Pan nodded, keeping most of the wince from his face, forehead only wrinkling by a few unhappy lines.  Though he hadn’t the time for sit-down rehabilitation sessions, Fen was trying to coax him into speech most every day, during fittings, lessons, meetings, mealtimes – whenever there was a small time gap that could be filled. Though Pan hoped he was beginning to prove himself to Fen, ever obedient and work both fine and diligent, he felt regaining his voice would cement that worth. But despite being free of Master Beron for weeks and the daily (if brief) practice he did, he could still barely utter three words to his master. Fen told him not to let it, but it was starting to get him down.

‘I’m glad, but we should try to begin sessions of our own again in our free time.’

Pan gave Darien a look so plain not signs nor notes nor broken words were required to translate.

When are we going to have any free time now that we’re both in master training?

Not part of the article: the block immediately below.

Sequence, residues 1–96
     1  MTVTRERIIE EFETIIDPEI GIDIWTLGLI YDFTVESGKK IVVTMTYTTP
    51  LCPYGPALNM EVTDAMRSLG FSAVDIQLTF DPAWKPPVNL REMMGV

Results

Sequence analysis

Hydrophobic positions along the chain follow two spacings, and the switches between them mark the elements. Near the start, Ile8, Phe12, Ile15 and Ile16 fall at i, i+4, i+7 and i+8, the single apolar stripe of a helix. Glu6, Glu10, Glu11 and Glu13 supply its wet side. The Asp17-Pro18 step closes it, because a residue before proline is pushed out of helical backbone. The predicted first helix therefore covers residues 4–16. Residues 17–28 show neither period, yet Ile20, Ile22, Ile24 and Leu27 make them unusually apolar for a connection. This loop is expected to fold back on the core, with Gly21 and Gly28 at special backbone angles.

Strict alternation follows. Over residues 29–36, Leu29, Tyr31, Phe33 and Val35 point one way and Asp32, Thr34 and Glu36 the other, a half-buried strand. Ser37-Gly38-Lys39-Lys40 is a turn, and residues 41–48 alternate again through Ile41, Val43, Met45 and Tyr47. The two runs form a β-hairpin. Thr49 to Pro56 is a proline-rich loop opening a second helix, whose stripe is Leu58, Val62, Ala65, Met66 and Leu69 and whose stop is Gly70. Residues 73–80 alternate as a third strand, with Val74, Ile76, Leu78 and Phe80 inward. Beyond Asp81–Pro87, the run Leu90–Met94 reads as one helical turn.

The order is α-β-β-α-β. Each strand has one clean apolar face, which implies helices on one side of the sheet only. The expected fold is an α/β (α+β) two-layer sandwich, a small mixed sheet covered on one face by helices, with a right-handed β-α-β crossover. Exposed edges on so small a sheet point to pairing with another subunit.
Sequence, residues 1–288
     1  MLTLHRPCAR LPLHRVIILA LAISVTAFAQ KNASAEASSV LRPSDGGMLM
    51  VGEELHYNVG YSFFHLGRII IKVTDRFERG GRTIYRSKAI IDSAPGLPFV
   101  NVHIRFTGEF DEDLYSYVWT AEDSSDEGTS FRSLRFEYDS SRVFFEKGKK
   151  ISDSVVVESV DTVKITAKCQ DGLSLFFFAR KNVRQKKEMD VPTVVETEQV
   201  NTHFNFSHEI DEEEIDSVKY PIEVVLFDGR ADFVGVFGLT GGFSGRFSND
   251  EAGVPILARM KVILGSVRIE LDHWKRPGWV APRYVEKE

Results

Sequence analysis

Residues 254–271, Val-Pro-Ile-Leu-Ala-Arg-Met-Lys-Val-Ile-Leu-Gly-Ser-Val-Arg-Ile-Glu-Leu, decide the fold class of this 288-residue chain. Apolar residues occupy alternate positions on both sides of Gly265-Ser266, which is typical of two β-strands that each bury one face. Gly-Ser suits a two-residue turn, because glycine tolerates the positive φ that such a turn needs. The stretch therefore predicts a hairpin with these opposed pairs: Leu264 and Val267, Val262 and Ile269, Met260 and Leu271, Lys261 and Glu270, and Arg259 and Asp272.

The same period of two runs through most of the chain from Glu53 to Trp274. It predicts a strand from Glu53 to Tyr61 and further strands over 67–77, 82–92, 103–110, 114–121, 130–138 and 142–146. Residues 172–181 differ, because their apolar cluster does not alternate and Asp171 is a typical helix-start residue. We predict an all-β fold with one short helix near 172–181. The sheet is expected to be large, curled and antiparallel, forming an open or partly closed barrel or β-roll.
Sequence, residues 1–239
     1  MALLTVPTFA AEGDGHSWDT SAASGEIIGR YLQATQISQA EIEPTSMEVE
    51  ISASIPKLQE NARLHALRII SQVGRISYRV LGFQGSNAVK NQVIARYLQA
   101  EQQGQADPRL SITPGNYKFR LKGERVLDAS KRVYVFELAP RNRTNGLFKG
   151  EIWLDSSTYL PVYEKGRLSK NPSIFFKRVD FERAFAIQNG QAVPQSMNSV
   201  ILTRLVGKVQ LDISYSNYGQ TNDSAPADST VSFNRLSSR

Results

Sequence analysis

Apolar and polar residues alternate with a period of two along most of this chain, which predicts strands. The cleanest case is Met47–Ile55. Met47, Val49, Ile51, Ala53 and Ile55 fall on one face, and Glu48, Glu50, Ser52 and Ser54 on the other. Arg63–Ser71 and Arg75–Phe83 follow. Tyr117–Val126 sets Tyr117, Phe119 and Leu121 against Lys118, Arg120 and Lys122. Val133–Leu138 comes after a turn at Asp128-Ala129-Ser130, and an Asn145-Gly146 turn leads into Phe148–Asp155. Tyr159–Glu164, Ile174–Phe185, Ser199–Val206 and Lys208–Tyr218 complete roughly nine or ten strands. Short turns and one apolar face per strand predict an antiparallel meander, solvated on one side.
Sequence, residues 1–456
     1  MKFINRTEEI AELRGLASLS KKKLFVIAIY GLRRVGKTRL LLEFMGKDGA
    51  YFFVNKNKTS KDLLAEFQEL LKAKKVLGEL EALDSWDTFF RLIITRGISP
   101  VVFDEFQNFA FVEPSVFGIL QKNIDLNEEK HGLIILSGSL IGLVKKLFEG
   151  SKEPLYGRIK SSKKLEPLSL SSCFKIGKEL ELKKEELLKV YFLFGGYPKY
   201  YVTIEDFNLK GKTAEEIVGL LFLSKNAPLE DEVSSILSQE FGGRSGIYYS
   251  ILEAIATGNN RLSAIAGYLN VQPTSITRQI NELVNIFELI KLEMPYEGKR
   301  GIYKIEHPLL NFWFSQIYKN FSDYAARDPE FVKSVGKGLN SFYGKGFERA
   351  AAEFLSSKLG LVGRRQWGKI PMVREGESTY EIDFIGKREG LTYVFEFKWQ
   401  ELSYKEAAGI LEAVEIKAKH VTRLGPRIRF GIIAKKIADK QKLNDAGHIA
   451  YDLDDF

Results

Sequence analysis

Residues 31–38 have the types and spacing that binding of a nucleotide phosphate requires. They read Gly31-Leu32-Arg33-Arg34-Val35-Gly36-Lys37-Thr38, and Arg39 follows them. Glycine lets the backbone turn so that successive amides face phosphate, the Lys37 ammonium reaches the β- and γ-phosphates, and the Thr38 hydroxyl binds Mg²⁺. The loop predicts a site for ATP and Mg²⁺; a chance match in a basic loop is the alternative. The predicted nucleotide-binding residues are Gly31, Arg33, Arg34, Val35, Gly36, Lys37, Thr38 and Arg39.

Darien laughed long and clear, the sound bouncing between the bathing hall tiles and pillars as light from the newly risen sun began to bounce as well, reflecting between the many mirrors. ‘We’ll find time. Honestly, I’ve met no one with a more expressive face. You really are priceless, Pan.’

I have to be expressive, Pan signed with a matter-of fact-gesture before articulating a more pressing concern. Will you be asking the others to come now? Merrick and everyone?

‘I think that would be good, now you’re getting a little more confident. You’ll have to speak to many more than just me and Master Fen when you’re a master yourself.’

I know, Pan signed dismally.

‘We’ll only ask a few for starters. It’ll be fine, I promise you. But forget that for a moment: I hear you’ve got Claire Baker soon.’ Pan nodded, shoulders still slumped at the thought of straining and failing to produce words in front of all his friends. ‘How about that, then? Can’t just be chance.’

I don’t think it is.